Schumer goes on to disregard any moral responsibility to actively care about Matt. She disregards the fact that he is too “wasted” to give any meaningful consent to sex. She puts the narcissism of her ego before Matt and explains that she “wanted to be held and touched and felt desired.” She says, “I wanted to be with him. I imagined us on campus together, holding hands [so that others could recognize that]…I am lovable.”

She gets into bed with him, but he smells like “skunk microwaved with cheeseburgers.” She says that they tried kissing, but his “9 a.m. shadow” scratched her face. His “alcohol swollen mouth” was like the mouth of somebody who had just been given Novocaine. His penis was too soft for penetration.

At this point, she realizes that Matt is too “wasted” for sex and not worthy to restore her status as a special snowflake. Amy begins to again feel the deficit of attention owed to her. She begins to feel alone and indistinguishable. She feels “faceless and nameless…just a warm body…” She looks around the room and hopes to “distract” herself or “disassociate” herself from the surroundings and escape the depths of her low self-esteem.

Matt starts to go down on her, but he “falls asleep every three seconds and moves his tongue like an elderly person eating their last oatmeal.” His drool is the only wetness between her legs because Matt has passed out and is now snoring into Amy’s vagina. Matt’s failure to give good head is the last straw for Amy. She “escaped from under him and out the door,” never hearing from him again.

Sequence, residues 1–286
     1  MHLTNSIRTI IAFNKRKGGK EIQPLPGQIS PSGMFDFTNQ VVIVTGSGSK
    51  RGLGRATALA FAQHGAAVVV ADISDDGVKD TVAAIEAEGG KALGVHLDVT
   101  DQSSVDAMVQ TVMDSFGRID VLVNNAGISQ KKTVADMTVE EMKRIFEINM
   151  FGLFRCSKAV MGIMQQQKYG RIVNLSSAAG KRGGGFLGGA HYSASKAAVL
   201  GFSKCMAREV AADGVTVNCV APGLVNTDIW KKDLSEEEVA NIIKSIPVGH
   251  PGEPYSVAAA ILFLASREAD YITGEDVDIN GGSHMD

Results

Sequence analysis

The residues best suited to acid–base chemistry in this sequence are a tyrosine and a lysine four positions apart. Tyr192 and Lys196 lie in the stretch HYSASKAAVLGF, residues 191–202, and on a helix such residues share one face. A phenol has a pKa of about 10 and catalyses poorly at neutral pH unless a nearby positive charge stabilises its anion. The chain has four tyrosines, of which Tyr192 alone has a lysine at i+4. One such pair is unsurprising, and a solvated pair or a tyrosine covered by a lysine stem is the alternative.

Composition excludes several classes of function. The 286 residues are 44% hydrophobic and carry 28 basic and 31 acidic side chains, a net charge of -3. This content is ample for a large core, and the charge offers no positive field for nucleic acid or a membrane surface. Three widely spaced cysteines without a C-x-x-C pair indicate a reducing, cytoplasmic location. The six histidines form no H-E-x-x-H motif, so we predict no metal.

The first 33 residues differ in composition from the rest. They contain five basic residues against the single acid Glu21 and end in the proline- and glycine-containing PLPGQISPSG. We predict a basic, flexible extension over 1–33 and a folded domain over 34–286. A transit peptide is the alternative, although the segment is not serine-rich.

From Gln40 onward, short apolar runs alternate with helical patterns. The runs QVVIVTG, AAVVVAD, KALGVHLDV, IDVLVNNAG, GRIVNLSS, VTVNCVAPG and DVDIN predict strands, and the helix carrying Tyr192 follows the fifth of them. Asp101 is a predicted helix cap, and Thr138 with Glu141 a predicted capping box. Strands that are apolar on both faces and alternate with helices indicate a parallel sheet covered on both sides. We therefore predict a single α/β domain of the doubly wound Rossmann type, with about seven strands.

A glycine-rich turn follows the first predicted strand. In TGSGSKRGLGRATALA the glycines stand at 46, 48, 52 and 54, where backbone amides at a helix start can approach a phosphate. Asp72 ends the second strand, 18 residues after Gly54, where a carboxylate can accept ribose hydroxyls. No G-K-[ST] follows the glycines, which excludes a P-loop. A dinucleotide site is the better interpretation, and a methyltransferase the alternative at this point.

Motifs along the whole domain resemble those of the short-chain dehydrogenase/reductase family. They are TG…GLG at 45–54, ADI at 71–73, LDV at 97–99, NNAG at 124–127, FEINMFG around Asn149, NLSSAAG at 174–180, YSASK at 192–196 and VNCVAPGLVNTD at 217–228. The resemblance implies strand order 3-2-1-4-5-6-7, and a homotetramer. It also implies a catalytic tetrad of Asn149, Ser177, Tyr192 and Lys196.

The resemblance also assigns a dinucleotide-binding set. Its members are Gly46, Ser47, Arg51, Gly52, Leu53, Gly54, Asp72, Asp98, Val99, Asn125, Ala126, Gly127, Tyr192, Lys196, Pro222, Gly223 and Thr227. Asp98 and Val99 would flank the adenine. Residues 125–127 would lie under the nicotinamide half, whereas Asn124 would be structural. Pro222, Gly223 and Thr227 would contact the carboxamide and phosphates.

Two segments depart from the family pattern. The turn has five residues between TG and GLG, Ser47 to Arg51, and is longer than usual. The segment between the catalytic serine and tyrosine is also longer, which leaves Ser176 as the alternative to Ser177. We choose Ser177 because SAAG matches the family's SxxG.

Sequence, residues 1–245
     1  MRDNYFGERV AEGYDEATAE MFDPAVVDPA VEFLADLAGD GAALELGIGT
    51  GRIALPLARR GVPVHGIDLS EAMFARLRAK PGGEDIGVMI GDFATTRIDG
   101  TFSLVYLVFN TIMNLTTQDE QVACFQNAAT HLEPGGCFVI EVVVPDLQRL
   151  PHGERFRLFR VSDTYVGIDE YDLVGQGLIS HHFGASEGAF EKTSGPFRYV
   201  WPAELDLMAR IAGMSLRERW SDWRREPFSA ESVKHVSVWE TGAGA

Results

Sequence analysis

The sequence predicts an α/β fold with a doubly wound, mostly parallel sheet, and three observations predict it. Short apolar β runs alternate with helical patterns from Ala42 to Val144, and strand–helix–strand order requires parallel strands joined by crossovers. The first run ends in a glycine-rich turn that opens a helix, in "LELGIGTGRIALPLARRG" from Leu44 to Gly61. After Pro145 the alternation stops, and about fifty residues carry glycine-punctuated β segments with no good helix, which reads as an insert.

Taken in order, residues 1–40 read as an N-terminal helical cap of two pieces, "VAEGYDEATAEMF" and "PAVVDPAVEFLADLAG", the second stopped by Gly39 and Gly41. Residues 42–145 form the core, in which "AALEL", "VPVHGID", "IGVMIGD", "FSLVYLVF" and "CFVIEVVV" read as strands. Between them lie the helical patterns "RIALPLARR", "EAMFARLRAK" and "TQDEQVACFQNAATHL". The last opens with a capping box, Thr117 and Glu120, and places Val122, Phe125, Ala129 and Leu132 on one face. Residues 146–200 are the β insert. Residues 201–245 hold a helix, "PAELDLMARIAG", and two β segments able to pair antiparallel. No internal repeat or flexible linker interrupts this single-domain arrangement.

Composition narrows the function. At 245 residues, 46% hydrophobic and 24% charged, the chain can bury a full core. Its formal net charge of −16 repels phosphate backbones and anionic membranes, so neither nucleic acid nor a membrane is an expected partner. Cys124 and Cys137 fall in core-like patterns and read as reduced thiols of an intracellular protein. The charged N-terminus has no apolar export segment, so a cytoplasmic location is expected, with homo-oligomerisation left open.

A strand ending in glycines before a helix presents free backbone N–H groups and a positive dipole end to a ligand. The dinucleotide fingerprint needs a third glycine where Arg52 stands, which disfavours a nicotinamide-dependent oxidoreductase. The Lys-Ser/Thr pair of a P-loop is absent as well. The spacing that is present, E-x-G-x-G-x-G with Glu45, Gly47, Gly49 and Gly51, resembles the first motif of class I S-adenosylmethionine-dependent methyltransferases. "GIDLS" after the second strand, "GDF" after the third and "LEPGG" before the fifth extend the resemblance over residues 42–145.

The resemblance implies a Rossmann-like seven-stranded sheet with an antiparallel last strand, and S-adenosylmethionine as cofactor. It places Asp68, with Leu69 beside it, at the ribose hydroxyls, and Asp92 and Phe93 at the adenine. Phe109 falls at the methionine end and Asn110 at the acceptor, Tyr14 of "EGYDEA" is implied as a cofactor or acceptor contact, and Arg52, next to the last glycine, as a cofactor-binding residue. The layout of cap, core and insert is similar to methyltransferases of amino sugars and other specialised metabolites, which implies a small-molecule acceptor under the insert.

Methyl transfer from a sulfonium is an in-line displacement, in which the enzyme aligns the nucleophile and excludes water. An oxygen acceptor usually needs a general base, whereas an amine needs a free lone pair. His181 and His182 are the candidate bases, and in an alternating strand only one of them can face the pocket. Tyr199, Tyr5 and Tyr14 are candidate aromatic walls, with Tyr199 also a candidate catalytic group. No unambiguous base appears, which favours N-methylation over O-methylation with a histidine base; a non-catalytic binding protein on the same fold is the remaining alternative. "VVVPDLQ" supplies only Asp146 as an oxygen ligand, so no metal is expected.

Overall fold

Let’s be clear. Matt was never anything to Amy. He was nothing other than an object-of-utility—a means to an end. She saw him as a means to restore her status as a special snowflake and demonstrated no care at all about him as a human-being. His extreme intoxication and inability to give meaningful consent was seen, by Amy, as a hindrance to her goals.

Not once did Schumer express or demonstrate an iota of care for his well-being as a human-being. Not once, as a sober party, did she act on her moral responsibility to refrain from having sexual relations with a person too “wasted” to give meaningful consent. Not once did Schumer grant a concrete context to the personhood of Matt. Again, he was nothing other than an object-of-utility.

She took from him all that he had to give and it wasn’t enough. She actively engaged in her own narcissistic self-indulgence and desire for attention and status, neglecting her moral responsibility to care for another human-being.

Schumer says that she is a sociopath. Given the lack of moral responsibility and care described in her speech, I’ll take her word for it. I believe her.

Schumer’s comedy is celebrated by various feminists as a different voice—a woman’s voice in a sea of misogyny. However, it may turn out to be a voice of unchecked narcissistic female ego, wrapped in sociopathic charisma and attention-seeking. That’s not really a different voice and neither is it a special one.

It simply is a voice—one in a sea of many who routinely claim that it’s just harder to be a woman because everyone deals with you differently.

Amy Schumer Gloria Steinem Rachel Feinstein


 

Editorial note: for a different take, see Christopher Cantwell’s point of view. –DE

About Jason Gregory

These are the words of a retired gigolo, small business owner, and philosopher who mashes together some Nietzsche, Kant, Sartre, pragmatism, and rum. Holler, bitches!

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  • Daniel

    great piece Jason, the comments section is so sickening.

  • Daniel

    If this “Matt” is real and everything she said is true…. how the fuck would he feel about this? no one seems to care! well we do, decent people do…. but the misandry is so extreme, that is actually down the list of things to deal with!